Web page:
tobias c. van Veen takes a fond look back at techno's Christian Morgenstern, who tragically passed away this past weekend at the age of 27.
Wired Wanderings & Reminiscence on the
Death of Christian Morgenstern
Today is not a good day. Last year James Stinson of Drexicya passed away; today we learn of the death of Christian Morgenstern, 27, who recorded dark & moody techno for Germany's Kanzleramt and for his own label, Forte. I found out about Morgenstern's death this morning from the Editor here at Dusted, who asked if I had known the man. I had never met Morgenstern. But in 1997 a lucky trade brought the album Miscellaneous II: New Issues for Pale People onto my decks.. it was music for the time of the underground. I wrote back to my Editor with a few words on how it had affected me:
“Miscellaneous II is very dark, moody, deep, almost subterranean; in other words, meditative & brilliant. Consider he did this when he was 23 .. he took the moodiness of Detroit, the industrial harshness of Germany, and incorporated a range of unorthodox sounds (in fact my favorite track of the album has ghosted, barely audible spliced-voices murmuring in the background while warm pads drift over an array of hums and rattles ... a hard hi-hat punctuates the mix and the kick is deeply sunk into the reverb box..).
He wasn't a prolific artist. But back then you didn't have to be. The mystery surrounding Morgenstern was part of the general milieu of techno music back then – faceless, underground.. no personalities.. just all about launching these amazing sonic missives into the aether, like underwater sonar, trying to find a response.. “
It remains unfortunate that I never did my duty by pinging back a response to Christian. Although it still remains easy enough in the microcultures of music to speak to the artists involved, in the '90s the contact was profound, for it meant that this small cultural resistance known as "techno" had made an impact, forging links across the globe. But half the time I'm never sure what to say in the circumstances. One just wishes to seek out and touch at the appropriate moment – not much needs to be said, sometimes, when the language is music.
Miscellaneous II, like the best techno albums, is a coded communique. It contains a blunt mix of up and down; it investigates issues of pain & pleasure; it speaks of the machine and the mood, for it drives the body while questioning the mind... Industrial & grinding, if not abstract and darkly trance-inducing 4/4 thudders capture the manic depressive essence of Kanzleramt at the time, and the ways in which popular rave motifs of trance music were being deconstructed by techno producers – especially those particularily demented Germans, who pulled the dark element out of the warehouse. Techno became a commentary on the rave scene at this moment. As Achim Szepanski noted in an essay many years ago, rave culture became a "pleasure-prison" (it works rather well in German: Freizeitknast) & the more critically inclined techno producers – consciously or unconsciously – captured the melancholia of losing the liberating power of rave culture to the imprisonment of pleasure (and ravage commercialism). There is a deep, dub-influenced techno track on Miscellaneous II, over-laden with feedback, distanced and echoed percussion & a deep house 4/4 groove... a two-step, minor chord drives the loop, which works through a series of alternating percussive sequences and escalating build-ups of noise... although the noise never destroys the track, and the mood is positively relaxing... this track is a paradox, and the use of violent sonic elements in a dub refrain echoes perfectly the milieu of middle-late '90s techno and its relation to the culture that it spawned and which, in turn, spawned techno's own future.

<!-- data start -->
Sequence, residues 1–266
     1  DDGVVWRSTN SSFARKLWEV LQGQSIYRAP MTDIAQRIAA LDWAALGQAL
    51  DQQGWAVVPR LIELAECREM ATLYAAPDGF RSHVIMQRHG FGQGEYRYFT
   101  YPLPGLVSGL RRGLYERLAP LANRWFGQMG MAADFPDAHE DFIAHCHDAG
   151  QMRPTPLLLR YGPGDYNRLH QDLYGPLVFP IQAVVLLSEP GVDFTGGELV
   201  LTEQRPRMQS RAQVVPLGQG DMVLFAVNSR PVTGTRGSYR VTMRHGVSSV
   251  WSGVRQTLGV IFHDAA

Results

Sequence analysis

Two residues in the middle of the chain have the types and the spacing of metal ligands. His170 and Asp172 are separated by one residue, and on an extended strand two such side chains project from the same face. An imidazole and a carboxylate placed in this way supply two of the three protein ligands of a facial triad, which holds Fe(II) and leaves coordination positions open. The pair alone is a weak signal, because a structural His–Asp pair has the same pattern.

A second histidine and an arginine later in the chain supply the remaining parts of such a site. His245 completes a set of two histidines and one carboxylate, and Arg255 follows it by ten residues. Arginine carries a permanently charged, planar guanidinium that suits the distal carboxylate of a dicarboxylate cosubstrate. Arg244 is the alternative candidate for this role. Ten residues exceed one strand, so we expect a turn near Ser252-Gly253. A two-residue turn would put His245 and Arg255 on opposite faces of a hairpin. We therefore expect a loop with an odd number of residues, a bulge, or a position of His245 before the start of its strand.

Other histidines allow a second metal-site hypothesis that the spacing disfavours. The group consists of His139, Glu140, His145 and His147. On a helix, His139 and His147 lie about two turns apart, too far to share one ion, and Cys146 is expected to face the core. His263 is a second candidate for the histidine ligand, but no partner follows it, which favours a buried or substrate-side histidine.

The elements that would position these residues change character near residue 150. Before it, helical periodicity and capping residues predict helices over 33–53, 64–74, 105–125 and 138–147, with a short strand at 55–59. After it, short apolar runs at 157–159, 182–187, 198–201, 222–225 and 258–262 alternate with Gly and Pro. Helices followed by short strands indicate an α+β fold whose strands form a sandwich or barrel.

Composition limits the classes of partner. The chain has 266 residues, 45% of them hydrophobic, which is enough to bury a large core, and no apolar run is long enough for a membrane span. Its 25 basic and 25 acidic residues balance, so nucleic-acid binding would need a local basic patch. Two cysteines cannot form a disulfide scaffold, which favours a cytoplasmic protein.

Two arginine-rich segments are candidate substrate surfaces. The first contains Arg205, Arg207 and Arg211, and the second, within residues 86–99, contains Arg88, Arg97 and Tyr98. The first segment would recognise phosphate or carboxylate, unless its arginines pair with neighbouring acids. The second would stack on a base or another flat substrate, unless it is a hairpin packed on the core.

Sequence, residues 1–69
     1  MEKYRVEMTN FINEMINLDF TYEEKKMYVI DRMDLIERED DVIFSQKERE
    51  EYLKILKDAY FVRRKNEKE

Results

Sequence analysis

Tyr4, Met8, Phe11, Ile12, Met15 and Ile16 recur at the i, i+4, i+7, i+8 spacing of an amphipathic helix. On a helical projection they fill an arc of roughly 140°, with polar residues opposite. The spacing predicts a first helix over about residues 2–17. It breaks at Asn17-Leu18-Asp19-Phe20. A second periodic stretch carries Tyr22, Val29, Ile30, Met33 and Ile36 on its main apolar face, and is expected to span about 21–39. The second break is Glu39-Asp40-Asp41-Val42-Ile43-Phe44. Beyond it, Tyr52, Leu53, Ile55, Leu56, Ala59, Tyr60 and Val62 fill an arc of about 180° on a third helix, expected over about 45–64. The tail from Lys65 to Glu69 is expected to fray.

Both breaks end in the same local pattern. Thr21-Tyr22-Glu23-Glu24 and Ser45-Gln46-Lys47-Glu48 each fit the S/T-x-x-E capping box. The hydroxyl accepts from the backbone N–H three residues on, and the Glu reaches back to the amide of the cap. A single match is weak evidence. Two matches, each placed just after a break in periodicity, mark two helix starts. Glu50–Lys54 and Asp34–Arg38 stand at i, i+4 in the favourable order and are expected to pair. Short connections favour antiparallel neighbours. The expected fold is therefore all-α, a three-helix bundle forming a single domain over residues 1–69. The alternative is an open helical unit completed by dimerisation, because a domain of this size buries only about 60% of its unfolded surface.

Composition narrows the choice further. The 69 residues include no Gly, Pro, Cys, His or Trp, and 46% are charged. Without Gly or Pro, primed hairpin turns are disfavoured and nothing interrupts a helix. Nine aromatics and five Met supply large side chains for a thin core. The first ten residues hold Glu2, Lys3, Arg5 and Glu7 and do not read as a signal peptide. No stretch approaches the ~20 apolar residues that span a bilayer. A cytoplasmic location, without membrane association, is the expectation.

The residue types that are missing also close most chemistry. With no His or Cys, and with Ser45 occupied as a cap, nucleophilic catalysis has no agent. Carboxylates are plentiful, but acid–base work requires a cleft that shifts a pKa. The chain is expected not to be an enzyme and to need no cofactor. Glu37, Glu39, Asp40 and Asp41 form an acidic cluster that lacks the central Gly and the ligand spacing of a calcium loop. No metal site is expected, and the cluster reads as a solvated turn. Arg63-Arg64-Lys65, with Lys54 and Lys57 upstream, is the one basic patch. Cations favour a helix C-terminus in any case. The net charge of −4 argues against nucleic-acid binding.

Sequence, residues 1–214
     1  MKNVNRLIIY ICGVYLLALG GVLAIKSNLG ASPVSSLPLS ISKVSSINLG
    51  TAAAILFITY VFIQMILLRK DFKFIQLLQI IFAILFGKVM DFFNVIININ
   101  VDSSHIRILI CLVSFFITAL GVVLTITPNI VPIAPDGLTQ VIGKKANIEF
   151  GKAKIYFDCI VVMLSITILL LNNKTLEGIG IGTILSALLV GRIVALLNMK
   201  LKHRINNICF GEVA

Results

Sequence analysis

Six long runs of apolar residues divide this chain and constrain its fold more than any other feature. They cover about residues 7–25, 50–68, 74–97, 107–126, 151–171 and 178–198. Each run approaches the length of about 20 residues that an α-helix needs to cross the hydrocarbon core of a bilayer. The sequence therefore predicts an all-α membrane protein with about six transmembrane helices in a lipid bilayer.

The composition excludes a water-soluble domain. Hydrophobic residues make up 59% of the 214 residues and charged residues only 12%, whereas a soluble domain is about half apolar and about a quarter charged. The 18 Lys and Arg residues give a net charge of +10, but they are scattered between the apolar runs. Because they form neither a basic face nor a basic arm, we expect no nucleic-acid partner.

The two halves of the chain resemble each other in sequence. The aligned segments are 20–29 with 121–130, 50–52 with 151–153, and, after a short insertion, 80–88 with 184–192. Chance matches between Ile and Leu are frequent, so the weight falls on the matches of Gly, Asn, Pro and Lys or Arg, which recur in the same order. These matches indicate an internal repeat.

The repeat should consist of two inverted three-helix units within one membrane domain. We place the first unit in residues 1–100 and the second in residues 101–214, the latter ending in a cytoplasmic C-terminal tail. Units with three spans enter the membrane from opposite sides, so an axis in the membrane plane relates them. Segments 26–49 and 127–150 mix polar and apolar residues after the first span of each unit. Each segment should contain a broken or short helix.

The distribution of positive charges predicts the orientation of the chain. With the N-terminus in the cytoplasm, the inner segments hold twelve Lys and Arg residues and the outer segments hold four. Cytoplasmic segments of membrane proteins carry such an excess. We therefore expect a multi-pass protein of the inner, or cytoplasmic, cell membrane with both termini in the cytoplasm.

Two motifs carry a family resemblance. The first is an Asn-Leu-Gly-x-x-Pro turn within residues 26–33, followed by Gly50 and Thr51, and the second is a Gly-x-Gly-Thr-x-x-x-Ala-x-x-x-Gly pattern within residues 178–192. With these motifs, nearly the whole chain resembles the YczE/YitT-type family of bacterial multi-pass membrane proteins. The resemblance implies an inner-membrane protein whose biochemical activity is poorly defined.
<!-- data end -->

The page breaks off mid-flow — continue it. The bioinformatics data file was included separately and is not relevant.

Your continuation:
Miscellaneous II is a prescient album. While the darker, industrial tracks carry an electro heritage that stretches back to the late '70s, a few of the house tracks contain chordal slices & dices, as well as high-pitched crackles, hums and glitches that pre-date today's vogue microsampling & aesthetics of failure by about seven years. Miscellaneous II thus stands as an album to measure today's techno producers. In its diversity & breadth of aural vision there are few others. Morgenstern is at the top of his form, pulling out the joy from melancholia, exploring forms of techno, house and electro, and stamping every track with inventive sounds, incorporated & thieved markers of other genres, and a moodiness that speaks to a human element in the machine. Despite the faceless of aura of '90s techno, this album said: here is a message... listen in...
I own most of Morgenstern's 12"s on Kanzleramt, although I am sorely lacking his later work on his own label, Forte. Each time a new stage in this discussion plays out a tangent, side-argument, or contributes towards the main thrust – the sadness and loss of a subculture that nonetheless seems to be moving into the future through its own technological reflection... Which also means expressing the joy & profound amazement of life through the unfolding rhythms of techno; and this was Morgenstern's greatest gift as a conductor of the electric – turning the dark to the light, and doing so in such a fashion that the mood of the loop struck before the 4/4. Morgenstern made me forget I was listening to techno – it lapsed into an alien music that spoke in tongues. It had something to say.
Today I am in the leap of solitude. Today is a day for meditation and rest, to lower myself into extended drones, and to resolve the moment, this time, particularly with so much infinite care, to listen again to that time by pulling Miscellaneous II from a dusty techno crate. Immersion.
Christian Morgenstern discography:
06.24.03 – 2:26PM
By tobias c. van Veen